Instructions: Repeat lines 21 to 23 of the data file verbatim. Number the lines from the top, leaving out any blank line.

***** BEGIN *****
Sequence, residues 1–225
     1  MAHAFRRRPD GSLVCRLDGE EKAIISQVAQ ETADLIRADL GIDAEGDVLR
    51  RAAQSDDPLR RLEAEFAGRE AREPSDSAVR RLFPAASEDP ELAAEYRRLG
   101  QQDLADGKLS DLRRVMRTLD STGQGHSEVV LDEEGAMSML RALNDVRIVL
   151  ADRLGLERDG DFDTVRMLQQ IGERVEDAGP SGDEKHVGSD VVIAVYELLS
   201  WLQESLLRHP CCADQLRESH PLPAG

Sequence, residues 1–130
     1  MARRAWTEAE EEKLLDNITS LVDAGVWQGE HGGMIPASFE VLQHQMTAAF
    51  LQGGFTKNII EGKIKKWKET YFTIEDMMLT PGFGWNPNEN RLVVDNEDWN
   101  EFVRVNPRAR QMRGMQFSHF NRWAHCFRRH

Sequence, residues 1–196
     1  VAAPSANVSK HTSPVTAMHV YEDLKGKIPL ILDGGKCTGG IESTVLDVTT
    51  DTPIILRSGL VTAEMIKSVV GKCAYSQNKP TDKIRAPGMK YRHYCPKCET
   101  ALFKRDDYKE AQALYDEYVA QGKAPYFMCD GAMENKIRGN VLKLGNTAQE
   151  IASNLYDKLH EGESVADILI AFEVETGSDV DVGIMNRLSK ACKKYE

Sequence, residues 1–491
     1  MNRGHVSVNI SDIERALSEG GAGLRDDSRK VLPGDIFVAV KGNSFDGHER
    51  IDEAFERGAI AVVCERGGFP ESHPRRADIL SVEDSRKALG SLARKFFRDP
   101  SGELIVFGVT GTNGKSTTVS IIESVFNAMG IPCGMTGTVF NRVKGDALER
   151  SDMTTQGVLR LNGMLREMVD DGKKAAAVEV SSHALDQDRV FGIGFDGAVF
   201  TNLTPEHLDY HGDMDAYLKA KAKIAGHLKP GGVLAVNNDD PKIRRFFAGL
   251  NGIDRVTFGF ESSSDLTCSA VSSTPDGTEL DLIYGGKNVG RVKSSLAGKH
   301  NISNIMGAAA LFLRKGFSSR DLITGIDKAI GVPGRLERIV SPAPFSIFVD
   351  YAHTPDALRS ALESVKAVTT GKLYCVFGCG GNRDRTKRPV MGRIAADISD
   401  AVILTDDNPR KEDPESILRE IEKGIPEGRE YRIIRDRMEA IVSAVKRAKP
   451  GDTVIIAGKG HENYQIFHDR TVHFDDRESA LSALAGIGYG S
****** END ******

   201  TNLTPEHLDY HGDMDAYLKA KAKIAGHLKP GGVLAVNNDD PKIRRFFAGL
   251  NGIDRVTFGF ESSSDLTCSA VSSTPDGTEL DLIYGGKNVG RVKSSLAGKH
   301  NISNIMGAAA LFLRKGFSSR DLITGIDKAI GVPGRLERIV SPAPFSIFVD